Statoil ASA (STL) said the government’s unexpected move to raise taxes on oil companies risks harming investments and casts doubt over the long-term predictability of the framework for offshore production.
The government yesterday said it will limit the so-called upflift on cash flow to 22 percent from 30 percent and raise the special petroleum tax to 51 percent from 50 percent, keeping a top tax rate of 78 percent. The increase will raise total taxes by about 3 billion kroner ($520 million) a year, the government said yesterday.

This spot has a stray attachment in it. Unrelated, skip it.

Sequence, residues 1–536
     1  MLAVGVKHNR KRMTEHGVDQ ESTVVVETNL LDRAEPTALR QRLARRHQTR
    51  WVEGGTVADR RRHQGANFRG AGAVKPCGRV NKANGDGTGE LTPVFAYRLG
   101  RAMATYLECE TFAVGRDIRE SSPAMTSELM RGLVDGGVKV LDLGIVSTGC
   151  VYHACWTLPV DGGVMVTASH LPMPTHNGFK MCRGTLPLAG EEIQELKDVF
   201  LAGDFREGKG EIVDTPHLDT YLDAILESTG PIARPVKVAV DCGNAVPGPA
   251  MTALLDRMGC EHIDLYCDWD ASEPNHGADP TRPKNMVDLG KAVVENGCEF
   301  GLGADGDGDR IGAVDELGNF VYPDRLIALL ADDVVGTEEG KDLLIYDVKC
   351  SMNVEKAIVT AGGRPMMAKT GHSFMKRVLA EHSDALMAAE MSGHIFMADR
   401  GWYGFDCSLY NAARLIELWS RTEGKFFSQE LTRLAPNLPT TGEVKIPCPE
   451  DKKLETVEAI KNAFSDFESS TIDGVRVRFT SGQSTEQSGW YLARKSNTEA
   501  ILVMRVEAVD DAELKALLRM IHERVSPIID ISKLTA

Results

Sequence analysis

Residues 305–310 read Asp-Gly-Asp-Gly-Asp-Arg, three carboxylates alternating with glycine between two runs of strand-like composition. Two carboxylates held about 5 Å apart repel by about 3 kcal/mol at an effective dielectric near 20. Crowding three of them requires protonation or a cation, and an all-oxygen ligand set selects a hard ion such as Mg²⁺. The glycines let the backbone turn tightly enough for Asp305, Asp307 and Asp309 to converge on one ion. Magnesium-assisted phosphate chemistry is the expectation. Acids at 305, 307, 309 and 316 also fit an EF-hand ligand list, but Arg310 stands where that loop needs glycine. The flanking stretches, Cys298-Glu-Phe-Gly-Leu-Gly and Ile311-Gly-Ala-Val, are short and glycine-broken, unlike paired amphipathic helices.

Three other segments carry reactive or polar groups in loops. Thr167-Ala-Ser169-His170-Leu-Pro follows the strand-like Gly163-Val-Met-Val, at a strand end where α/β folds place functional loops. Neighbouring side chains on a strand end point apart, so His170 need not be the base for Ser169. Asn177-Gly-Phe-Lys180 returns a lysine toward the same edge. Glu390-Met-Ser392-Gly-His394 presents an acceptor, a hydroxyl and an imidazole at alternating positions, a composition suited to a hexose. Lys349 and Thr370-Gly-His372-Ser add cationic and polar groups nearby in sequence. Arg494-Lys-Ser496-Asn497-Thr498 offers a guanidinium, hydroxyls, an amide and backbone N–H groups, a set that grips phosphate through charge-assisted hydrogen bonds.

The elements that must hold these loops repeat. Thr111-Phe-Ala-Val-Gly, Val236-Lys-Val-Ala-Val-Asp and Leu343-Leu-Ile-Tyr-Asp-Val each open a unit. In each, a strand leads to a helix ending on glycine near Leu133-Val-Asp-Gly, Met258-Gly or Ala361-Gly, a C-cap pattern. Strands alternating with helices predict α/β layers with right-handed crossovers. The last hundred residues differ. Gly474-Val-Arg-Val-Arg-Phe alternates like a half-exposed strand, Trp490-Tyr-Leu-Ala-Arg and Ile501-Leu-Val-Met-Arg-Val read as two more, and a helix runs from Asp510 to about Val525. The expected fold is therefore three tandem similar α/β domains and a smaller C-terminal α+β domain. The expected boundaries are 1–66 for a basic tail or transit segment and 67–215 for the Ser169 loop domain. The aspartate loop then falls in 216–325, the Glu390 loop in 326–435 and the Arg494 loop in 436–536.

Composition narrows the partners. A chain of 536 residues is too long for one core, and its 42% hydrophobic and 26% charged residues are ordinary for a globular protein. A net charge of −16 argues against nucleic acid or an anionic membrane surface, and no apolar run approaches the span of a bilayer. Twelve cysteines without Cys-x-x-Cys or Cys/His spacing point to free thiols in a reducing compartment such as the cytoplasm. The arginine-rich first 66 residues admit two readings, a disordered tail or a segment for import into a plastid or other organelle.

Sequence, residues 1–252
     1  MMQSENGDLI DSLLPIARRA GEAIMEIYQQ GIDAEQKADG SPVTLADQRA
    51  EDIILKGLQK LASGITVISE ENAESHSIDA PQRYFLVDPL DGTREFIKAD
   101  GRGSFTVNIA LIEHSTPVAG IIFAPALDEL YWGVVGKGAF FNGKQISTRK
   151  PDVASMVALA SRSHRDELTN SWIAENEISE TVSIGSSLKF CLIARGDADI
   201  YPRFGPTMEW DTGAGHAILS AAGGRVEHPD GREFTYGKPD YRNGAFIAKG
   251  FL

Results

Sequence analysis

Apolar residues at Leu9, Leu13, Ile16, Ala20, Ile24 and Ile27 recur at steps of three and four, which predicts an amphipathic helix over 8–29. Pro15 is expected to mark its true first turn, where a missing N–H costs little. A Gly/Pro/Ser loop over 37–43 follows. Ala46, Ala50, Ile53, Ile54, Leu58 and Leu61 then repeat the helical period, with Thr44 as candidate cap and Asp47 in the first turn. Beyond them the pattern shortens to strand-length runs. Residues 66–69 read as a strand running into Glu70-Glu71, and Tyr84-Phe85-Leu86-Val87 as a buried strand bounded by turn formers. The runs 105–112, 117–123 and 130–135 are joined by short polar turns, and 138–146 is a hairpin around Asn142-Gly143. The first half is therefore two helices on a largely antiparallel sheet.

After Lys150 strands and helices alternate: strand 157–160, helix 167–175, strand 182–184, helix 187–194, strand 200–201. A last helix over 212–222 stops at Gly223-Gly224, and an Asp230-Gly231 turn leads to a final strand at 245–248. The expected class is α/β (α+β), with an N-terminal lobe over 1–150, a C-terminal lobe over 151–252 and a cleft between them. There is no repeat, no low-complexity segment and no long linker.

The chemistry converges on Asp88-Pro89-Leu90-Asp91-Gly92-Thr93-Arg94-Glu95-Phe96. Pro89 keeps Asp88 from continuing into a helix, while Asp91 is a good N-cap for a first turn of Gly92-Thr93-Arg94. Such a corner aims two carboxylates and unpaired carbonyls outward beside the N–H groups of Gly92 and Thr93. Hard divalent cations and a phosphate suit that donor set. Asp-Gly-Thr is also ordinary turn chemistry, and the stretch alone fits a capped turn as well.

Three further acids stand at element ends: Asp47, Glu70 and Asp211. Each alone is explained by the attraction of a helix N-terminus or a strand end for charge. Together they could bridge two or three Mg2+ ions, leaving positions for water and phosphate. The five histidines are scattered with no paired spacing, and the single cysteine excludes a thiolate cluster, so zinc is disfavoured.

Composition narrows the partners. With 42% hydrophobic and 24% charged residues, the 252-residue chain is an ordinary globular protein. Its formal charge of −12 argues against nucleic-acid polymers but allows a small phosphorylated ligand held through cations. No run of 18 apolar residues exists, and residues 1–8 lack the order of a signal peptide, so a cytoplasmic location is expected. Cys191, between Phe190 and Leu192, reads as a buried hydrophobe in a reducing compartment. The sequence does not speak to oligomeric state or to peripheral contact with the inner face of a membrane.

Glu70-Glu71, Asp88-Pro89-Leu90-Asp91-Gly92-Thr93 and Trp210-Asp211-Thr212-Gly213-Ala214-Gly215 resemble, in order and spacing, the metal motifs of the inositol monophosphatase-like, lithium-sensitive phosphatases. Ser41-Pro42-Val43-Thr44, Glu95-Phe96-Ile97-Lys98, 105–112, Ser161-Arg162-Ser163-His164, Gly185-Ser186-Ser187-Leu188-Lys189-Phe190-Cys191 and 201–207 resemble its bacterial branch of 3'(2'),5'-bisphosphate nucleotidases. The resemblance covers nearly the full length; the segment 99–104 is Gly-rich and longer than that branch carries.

Statoil, which is 67 percent owned by the Norwegian state, said today that the changes will cut operating cash flow by below 500 million kroner this year and increase to full effect after four to five years. It will reduce tax deductions by 38 million kroner for 1 billion kroner invested, the Stavanger- based company said.
“The proposed change in the Norwegian petroleum tax reduces the attractiveness of future projects, particularly marginal fields, and raises questions regarding the predictability and stability of the fiscal framework for long-term investments on the Norwegian continental shelf,” said Torgrim Reitan, chief financial officer of Statoil, in a statement.
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